WAMU 88.5 : Morning Edition

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Bill Reversing Virginia Abortion Ultrasound Policy Fails

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A Republican-dominated Virginia Senate committee has rejected legislation that would have made pre-abortion ultrasound exams optional, not mandatory.

The hastily-convened Privileges and Elections Committee special meeting lasted only minutes as Sen. Ralph Northam's (D) bill failed 6-3 in a party-line vote. Committee chairman Sen. Steve Martin ® abruptly called a vote, stifling efforts to testify by Northam, who is a doctor, and at least one other physician.

Martin ruled that Northam's bill was so similar to his previous attempts to reverse last year's ultrasound law that any distinction was irrelevant. Northam called the meeting "a kangaroo court" and stormed from the room. He and Martin are both lieutenant governor candidates.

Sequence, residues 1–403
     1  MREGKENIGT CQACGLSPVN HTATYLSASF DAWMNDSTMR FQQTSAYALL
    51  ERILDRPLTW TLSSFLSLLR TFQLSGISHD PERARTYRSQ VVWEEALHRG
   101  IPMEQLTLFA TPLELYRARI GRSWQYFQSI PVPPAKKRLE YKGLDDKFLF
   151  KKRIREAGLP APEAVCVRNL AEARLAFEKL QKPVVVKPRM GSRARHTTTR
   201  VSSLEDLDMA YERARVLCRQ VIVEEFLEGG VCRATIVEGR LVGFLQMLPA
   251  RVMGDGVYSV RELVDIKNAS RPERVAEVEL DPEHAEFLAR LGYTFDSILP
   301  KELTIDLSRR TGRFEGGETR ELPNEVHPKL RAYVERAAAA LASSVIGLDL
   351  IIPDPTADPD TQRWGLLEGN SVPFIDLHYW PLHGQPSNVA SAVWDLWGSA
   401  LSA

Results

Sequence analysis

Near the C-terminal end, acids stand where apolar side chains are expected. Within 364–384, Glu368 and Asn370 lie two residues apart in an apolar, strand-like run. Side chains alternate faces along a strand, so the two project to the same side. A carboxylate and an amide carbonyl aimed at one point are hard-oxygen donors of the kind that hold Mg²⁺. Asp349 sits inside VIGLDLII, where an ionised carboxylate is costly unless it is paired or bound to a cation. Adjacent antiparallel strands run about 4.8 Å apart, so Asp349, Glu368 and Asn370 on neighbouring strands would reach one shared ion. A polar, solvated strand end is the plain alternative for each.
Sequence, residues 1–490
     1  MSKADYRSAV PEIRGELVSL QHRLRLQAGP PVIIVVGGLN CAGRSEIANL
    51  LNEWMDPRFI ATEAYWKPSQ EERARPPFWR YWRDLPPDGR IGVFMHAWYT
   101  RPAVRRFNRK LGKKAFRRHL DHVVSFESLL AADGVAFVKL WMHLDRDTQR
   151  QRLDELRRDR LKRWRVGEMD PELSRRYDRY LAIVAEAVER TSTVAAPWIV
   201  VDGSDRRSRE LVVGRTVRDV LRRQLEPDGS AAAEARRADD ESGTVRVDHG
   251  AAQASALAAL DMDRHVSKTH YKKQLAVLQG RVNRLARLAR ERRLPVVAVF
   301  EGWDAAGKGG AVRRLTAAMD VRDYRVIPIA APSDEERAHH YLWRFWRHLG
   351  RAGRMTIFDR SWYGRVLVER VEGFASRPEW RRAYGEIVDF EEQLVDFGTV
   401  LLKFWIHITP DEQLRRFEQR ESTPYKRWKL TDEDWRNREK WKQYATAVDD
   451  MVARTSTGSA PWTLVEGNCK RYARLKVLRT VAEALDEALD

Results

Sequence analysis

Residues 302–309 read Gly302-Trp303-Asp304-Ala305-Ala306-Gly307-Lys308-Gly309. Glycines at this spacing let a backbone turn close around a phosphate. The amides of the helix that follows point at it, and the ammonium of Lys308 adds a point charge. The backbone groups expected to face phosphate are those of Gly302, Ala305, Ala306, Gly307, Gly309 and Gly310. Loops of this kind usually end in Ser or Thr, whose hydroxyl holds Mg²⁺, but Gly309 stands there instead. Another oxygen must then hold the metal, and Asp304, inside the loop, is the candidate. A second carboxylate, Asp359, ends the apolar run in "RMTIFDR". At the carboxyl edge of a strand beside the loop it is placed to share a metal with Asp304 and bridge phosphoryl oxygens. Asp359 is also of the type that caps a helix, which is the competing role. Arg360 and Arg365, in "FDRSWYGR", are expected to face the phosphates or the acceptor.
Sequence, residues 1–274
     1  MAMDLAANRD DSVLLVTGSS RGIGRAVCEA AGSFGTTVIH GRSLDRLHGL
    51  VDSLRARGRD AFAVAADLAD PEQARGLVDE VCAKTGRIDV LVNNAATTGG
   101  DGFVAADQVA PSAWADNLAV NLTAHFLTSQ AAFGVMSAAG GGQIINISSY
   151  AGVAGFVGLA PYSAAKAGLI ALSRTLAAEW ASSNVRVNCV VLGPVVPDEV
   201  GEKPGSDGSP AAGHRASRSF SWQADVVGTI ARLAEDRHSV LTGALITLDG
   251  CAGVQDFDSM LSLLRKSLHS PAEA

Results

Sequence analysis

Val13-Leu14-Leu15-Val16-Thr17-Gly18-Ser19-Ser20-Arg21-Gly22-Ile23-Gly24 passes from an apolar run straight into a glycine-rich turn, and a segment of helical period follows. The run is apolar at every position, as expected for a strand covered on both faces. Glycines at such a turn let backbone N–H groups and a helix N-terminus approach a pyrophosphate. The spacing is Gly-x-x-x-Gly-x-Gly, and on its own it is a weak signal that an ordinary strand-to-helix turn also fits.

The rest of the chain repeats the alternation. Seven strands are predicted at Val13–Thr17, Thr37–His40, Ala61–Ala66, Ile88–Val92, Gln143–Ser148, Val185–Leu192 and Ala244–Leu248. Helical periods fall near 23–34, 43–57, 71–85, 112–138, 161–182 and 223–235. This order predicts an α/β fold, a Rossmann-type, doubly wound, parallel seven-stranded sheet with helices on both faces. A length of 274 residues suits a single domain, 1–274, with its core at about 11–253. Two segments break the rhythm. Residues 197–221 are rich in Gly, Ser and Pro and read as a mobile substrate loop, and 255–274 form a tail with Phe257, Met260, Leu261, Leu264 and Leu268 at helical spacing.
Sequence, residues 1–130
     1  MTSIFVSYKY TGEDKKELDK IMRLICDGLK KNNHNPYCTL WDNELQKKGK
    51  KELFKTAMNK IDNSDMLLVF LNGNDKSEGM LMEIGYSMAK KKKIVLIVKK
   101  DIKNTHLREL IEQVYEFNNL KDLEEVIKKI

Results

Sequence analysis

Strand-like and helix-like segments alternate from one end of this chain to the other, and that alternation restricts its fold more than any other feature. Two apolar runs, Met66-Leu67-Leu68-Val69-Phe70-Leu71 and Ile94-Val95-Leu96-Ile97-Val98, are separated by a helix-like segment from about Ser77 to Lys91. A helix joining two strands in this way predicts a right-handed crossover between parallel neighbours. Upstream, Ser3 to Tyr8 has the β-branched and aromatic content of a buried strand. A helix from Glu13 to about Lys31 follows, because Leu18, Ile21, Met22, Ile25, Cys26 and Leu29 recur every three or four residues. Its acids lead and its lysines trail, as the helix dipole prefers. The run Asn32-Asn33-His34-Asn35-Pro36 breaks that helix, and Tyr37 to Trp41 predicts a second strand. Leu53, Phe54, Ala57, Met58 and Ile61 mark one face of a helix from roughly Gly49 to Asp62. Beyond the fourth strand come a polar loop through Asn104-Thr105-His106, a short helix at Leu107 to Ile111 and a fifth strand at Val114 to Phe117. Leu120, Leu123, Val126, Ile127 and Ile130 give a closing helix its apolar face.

NPR

Pack These Pages: Three Must-Reads For Summer

Harriet Logan, owner of Loganberry Books in Shaker Heights, Ohio, recommends a graphic novel about trash, a George Eliot classic and a children's book about a bear pianist.
NPR

Why Does Every New Restaurant Look Like A Factory?

The stripped-down look of exposed brick, poured cement floors, and Edison light bulbs is popular in restaurants across America. One reporter dares to ask, "Seriously, why?"
WAMU 88.5

Why Local Nonprofits Haven't Fixed Poverty

As long as there has been poverty, there have been people trying to end it. We explore the obstacles and inefficiencies local nonprofits run into when trying to solve society's stubborn problem.

WAMU 88.5

Can We Trust Our Cars?

There were more airbag recalls this week, and VW has agreed to pay nearly fifteen billion in its emissions cheating scandal. Meanwhile, cars with driverless technology are becoming available, but whether they will make us safer is up for debate. A look at auto safety and consumer trust.

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